Mendelblit Gets Final Greenlight to Become Israel's Attorney General

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Avichai Mendelblit (right) consults with Prime Minister Benjamin Netanyahu during a weekly cabinet meeting, September 2015.
Avichai Mendelblit (right) consults with Prime Minister Benjamin Netanyahu during a cabinet meeting, September 2015.Credit: Ohad Zwigenberg (Pool)

The High Court of Justice rejected two petitions against Avichai Mendelblit’s appointment as attorney general on Monday, with five justices agreeing unanimously that there was no reason to intervene in the nomination.

The petitions were the final obstacle in the path of Cabinet Secretary Mendelblit, who is now clear to replace outgoing Attorney General Yehuda Weinstein at the beginning of February.

The justices’ reasons for rejecting the petitions will be given at a later date.

The Movement for Quality Government in Israel and Ometz – a good-government advocacy group – resubmitted the petitions after Mendelblit’s appointment was approved by the cabinet earlier this month.

The High Court rejected them initially, since the appointment had not been ratified by the cabinet. They were rejected Monday by justices Salim Joubran, Yoram Danziger, Isaac Amit, Zvi Zylbertal and Noam Sohlberg.

Ometz petitioned privately against the appointment, emphasizing the importance of a cooling-off period from the position of cabinet secretary to that of attorney general. It also complained that the search committee that nominated Mendelblit failed to consider his involvement in the Harpaz affair, where the criminal file was closed for lack of evidence.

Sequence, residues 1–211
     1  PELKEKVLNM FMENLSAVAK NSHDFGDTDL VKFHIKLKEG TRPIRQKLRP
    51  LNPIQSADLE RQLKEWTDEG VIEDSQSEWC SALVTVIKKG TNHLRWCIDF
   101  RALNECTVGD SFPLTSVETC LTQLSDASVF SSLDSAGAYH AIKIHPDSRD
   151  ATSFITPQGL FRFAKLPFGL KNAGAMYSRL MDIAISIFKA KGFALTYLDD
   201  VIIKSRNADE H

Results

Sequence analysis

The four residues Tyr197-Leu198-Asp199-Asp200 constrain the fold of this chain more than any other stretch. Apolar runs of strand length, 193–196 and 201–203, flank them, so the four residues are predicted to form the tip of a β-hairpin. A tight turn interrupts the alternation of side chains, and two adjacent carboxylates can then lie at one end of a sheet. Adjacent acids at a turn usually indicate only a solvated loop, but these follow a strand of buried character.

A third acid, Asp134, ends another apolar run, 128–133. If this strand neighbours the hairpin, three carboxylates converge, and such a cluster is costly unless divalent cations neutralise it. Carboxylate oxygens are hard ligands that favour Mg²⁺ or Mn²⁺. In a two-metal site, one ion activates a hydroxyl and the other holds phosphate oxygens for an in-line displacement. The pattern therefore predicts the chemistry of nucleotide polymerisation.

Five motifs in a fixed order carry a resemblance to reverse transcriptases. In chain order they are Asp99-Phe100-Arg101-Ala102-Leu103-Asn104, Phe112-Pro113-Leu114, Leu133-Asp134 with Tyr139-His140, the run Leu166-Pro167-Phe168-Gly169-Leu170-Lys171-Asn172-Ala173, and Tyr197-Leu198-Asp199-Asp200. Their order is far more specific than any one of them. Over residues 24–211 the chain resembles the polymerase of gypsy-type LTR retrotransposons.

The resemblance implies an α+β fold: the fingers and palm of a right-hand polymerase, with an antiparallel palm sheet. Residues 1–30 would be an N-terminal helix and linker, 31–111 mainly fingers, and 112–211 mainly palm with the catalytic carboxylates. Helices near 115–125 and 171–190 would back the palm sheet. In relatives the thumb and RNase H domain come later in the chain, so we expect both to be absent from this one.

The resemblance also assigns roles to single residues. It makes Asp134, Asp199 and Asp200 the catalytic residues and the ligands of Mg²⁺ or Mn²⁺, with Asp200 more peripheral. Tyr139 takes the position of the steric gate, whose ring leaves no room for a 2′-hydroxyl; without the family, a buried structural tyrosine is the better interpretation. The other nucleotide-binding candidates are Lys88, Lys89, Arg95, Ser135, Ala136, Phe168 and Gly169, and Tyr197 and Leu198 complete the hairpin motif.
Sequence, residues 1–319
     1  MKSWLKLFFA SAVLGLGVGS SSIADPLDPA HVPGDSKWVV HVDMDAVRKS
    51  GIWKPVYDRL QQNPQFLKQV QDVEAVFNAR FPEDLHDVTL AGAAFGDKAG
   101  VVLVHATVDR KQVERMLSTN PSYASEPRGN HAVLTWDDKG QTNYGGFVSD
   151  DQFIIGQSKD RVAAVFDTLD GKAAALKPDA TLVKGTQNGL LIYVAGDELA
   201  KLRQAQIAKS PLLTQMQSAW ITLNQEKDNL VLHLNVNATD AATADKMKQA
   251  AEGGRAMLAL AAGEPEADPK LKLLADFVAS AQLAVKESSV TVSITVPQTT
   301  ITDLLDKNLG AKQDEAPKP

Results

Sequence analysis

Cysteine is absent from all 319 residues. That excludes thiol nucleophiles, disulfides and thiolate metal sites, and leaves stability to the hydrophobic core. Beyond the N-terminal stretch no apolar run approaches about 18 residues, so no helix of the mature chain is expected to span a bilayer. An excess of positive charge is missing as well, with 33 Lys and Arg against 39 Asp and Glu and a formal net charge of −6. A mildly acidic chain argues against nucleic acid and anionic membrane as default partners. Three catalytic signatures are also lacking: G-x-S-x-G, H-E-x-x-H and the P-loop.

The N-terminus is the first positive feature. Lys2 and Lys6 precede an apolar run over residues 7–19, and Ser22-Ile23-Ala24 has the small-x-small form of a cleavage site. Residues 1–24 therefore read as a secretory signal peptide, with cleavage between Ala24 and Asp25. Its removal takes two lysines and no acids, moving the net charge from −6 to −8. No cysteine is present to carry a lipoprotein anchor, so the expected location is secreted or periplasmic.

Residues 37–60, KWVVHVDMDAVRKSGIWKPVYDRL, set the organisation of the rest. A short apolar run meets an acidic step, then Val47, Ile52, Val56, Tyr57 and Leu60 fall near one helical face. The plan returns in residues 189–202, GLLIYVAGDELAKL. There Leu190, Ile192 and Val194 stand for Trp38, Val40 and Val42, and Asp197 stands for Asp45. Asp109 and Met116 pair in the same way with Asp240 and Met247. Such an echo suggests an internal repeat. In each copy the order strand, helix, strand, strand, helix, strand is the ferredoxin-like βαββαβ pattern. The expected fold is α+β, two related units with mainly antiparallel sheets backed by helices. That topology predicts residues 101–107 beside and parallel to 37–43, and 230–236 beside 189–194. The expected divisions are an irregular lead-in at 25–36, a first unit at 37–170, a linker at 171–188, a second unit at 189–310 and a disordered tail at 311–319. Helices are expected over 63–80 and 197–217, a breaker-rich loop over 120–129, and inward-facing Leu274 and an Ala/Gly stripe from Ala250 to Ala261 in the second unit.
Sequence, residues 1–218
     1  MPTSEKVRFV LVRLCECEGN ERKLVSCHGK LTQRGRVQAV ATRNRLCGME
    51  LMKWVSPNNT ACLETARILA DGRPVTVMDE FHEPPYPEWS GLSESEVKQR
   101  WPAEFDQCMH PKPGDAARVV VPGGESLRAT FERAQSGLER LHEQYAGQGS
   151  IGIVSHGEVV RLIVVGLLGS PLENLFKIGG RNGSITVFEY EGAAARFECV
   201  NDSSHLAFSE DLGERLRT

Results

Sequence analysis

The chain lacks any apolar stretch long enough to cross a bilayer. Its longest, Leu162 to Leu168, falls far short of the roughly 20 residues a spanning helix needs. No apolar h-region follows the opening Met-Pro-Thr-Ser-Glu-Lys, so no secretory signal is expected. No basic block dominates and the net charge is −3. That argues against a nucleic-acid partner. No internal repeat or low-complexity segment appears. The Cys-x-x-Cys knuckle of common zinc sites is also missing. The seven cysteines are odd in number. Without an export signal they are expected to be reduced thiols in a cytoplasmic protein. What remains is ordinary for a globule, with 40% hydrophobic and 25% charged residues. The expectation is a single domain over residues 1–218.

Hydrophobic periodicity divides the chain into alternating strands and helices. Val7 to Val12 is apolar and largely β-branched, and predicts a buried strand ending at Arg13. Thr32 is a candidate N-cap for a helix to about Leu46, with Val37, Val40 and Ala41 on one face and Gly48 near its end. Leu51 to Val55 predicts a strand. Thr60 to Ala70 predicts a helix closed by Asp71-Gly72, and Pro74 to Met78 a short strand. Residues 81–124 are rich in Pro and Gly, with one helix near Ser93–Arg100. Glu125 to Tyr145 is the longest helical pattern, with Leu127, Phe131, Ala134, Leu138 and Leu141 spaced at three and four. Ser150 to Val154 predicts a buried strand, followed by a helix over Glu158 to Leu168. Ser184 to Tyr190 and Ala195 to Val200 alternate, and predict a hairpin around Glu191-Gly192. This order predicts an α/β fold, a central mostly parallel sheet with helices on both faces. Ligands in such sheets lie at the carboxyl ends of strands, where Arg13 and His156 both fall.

The Movement for Quality Government asked that the search committee be reconvened, claiming that its activity was lacking when it recommended only Mendelblit to Justice Minister Ayelet Shaked, rather than recommending three potential candidates as it was supposed to do.

The movement’s representative, attorney Eliad Shraga, claimed that personal meetings between Shaked and committee members while the panel was mulling its choice, without documentation of these meetings, “polluted the election process.”

Responding to the Ometz petition, Mendelblit claimed there was “no restriction in any of the laws of the State of Israel that prevents the appointment to any senior civil service job without a cooling-off period.”

As far as the Harpaz case is concerned, Mendelblit said a document was submitted to the search committee on his behalf, “which explains why there was no ethical deficiency that could affect the appointment, and none of the committee members considered the material an obstacle.”

Mendelblit added that he had “never been a party member or an activist in a political organization,” and was not “personally close to any cabinet members, with the exception of professional ties.”

After the search committee recommended Mendelblit last month, Shaked announced that she intended to restore the process of choosing the attorney general to the way it was done previously – with the appointment by a justice minister without the need for a committee.

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